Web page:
detecting newline character

Chris Rebert clp2 at
Sat Apr 23 15:12:20 EDT 2011

On Sat, Apr 23, 2011 at 11:09 AM, Daniel Geržo <danger at> wrote:
> Hello guys,
> I need to detect the newline characters used in the file I am reading. For
> this purpose I am using the following code:
> def _read_lines(self):
>    with contextlib.closing(, "rU")) as fobj:
>        fobj.readlines()
>        if isinstance(fobj.newlines, tuple):
>            self.newline = fobj.newlines[0]
>        else:
>            self.newline = fobj.newlines
> This works fine, if I call without encoding argument; I am
> testing with an ASCII enghlish text file, and in such case the fobj.newlines
> is correctly detected being as '\r\n'. However, when I call
> with encoding='ascii' argument, the fobj.newlines is None and I can't figure
> out why that is the case. Reading the PEP at
> I don't see any reason why would I
> end up with newlines being None after I call readlines().
> Anyone has an idea?

I would hypothesize that it's an interaction bug between universal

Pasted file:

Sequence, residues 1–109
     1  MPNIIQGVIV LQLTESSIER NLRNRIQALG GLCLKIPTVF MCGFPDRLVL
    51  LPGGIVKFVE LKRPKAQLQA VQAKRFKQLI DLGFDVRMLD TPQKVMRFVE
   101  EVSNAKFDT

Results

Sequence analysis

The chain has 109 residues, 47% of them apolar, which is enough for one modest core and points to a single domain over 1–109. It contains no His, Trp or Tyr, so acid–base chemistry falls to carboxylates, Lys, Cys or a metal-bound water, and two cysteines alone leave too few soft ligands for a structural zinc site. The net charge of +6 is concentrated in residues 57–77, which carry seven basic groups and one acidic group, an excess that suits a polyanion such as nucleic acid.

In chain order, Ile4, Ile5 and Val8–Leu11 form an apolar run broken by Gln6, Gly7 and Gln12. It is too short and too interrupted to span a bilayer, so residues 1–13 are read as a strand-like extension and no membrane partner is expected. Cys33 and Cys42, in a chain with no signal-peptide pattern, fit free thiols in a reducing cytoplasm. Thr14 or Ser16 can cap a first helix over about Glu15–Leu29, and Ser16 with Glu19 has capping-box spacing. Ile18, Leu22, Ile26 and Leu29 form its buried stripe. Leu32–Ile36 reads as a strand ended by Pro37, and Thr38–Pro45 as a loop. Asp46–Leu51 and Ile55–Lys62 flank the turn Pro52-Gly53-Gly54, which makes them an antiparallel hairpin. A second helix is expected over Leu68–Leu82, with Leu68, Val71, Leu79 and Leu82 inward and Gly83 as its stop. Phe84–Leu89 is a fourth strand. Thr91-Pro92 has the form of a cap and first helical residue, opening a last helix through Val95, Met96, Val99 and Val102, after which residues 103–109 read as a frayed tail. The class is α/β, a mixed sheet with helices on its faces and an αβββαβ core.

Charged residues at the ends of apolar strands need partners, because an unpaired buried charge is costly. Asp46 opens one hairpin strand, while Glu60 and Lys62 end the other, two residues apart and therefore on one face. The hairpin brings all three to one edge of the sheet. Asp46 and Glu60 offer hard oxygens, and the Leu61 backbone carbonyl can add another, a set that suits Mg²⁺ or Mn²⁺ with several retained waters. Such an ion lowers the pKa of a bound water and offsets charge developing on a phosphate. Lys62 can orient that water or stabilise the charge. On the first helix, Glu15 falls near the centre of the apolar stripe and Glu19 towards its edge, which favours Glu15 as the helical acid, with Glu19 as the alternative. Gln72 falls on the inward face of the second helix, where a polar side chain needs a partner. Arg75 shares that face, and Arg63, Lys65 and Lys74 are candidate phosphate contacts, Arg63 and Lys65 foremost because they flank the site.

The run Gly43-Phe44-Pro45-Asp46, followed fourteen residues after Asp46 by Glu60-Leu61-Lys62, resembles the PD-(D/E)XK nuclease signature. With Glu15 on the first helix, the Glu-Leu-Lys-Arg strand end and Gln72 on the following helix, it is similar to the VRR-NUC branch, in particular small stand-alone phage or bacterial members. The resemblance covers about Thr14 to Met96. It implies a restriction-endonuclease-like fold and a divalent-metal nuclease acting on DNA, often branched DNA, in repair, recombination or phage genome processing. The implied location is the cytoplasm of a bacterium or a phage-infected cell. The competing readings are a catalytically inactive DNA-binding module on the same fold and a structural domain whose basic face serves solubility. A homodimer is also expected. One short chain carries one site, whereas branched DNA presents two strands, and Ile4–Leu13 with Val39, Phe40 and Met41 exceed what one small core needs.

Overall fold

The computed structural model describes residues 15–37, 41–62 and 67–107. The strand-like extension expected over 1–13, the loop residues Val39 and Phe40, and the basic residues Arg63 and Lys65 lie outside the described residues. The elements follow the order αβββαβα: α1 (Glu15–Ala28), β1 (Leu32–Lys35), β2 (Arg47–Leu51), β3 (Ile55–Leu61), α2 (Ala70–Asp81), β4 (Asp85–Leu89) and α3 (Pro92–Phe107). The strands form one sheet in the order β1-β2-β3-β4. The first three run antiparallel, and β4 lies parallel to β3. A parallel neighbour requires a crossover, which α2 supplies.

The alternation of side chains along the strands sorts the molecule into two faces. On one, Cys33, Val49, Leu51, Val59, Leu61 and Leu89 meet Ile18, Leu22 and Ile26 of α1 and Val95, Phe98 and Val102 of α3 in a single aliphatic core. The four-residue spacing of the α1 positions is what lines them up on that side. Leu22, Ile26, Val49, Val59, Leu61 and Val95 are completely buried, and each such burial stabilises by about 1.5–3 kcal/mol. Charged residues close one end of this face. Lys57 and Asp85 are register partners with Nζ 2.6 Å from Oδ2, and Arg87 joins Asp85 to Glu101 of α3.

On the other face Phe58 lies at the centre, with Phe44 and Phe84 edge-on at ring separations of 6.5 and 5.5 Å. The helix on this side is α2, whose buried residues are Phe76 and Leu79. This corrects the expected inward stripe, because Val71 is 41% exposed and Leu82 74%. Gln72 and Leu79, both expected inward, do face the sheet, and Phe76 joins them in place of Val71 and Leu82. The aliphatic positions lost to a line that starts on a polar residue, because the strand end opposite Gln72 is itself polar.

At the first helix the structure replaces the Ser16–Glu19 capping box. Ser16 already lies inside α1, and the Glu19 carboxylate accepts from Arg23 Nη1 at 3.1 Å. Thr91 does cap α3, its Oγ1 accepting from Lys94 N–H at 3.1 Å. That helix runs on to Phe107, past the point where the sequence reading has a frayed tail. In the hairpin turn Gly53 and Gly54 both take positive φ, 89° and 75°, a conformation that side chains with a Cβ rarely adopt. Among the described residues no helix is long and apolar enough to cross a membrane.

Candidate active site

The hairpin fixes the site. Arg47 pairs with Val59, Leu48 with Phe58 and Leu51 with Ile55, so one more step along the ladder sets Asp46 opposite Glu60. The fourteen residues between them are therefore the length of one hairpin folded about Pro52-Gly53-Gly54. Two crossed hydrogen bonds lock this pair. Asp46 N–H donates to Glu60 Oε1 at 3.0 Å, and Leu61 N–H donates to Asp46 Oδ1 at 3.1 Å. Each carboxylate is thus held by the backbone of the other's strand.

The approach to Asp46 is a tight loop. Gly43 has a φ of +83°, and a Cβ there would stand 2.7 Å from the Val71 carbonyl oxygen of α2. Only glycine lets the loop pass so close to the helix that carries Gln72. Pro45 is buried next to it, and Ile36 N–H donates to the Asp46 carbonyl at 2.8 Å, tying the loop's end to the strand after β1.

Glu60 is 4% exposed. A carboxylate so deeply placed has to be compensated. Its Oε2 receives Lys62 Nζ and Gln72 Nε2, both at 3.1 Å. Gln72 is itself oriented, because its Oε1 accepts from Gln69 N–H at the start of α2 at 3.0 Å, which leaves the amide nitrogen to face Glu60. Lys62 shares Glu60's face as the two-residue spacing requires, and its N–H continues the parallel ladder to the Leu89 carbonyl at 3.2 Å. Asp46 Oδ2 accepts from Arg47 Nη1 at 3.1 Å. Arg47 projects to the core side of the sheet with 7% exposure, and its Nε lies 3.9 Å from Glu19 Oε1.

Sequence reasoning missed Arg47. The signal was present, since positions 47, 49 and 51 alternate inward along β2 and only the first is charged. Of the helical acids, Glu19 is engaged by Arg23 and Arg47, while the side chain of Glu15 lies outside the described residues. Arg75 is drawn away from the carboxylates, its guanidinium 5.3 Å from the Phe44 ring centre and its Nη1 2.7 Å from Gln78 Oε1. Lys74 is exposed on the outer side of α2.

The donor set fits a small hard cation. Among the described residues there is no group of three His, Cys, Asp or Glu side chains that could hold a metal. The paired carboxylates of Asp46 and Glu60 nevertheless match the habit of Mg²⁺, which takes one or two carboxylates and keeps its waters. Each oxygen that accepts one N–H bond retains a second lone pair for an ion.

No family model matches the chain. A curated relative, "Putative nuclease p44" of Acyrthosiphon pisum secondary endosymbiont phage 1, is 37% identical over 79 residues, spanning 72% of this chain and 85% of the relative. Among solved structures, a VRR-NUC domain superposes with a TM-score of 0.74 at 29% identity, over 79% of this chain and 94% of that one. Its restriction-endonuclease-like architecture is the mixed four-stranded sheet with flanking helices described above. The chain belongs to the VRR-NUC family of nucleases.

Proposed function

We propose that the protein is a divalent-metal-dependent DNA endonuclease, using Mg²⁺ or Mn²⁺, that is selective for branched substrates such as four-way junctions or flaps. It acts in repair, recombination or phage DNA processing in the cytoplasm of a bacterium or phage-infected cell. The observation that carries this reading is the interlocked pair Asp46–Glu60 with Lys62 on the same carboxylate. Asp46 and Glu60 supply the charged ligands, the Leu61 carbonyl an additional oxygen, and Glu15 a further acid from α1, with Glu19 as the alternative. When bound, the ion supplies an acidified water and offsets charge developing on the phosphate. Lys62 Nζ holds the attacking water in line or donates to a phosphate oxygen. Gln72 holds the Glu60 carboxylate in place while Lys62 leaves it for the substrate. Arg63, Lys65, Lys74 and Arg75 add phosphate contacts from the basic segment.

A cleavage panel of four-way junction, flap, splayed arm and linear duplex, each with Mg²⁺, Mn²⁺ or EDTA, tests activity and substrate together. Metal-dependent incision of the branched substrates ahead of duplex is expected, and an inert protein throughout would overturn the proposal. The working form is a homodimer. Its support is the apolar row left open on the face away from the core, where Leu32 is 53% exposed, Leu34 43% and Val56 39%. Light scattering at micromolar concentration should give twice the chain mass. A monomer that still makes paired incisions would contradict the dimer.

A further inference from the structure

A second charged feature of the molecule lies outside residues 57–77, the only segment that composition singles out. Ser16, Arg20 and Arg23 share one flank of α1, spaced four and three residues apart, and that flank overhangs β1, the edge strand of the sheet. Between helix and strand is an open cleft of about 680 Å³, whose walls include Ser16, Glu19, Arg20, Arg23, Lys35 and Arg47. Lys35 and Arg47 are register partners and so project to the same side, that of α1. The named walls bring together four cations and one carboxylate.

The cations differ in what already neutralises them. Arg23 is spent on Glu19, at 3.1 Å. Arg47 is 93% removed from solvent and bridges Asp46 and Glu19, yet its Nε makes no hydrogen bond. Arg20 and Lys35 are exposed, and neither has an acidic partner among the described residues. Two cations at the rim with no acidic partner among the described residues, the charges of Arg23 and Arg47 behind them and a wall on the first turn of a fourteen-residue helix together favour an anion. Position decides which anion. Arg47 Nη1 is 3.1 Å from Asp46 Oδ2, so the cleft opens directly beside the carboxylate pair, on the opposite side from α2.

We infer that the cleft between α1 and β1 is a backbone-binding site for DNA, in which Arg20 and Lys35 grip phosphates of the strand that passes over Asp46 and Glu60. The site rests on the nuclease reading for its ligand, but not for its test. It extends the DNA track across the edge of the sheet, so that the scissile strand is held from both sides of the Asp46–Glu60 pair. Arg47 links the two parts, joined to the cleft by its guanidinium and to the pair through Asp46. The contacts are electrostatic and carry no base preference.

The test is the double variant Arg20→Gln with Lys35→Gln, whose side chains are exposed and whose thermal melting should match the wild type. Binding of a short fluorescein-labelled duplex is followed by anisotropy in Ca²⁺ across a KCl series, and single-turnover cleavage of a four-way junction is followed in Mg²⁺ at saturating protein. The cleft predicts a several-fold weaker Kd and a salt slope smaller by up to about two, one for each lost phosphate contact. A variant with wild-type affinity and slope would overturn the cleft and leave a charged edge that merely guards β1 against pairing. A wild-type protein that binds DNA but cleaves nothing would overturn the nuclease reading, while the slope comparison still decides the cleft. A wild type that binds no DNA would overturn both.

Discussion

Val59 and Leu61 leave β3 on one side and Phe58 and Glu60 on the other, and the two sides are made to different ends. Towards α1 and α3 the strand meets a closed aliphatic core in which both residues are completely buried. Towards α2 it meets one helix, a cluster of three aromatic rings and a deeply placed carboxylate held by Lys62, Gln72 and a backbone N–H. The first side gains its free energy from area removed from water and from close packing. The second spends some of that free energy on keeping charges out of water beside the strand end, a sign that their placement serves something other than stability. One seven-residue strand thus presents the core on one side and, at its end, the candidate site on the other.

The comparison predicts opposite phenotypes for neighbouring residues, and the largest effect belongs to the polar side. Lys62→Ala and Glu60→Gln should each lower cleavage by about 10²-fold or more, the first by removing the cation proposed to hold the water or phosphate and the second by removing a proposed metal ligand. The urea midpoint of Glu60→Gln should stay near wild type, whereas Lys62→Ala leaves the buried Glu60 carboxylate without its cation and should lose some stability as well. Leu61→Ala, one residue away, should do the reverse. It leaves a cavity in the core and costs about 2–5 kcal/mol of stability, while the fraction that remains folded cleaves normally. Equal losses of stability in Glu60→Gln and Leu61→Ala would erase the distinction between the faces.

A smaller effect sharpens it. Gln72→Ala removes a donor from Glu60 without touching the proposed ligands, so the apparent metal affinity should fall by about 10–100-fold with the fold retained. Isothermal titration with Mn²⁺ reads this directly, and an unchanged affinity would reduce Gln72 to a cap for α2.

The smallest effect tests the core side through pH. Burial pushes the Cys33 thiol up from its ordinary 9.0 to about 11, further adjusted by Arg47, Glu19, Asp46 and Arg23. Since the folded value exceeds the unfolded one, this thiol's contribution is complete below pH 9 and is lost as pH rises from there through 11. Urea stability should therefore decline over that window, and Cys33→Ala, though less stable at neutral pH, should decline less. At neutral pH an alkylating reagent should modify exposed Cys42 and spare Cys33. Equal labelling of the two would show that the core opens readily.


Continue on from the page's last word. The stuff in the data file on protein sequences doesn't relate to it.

newlines and :
"Note: Files are always opened in binary mode, even if no binary mode
was specified. This is done to avoid data loss due to encodings using
8-bit values. This means that no automatic conversion of '\n' is done
on reading and writing."

Meanwhile, the vanilla built-in open() docs, at least the way I
interpret them, say that "U" and "rU" (both with the same meaning) are
the only sensical `mode` values involving universal newlines.

I would speculate that the upshot of this is that ends
up calling built-in open() with a nonsense `mode` of "rUb" or similar,
resulting in strange behavior.

If this explanation is correct, then there are 2 bugs:
1. Built-in open() should treat "b" and "U" as mutually exclusive and
reject mode strings which involve both.
2. should either reject modes involving "U", or be fixed
so that they work as expected.


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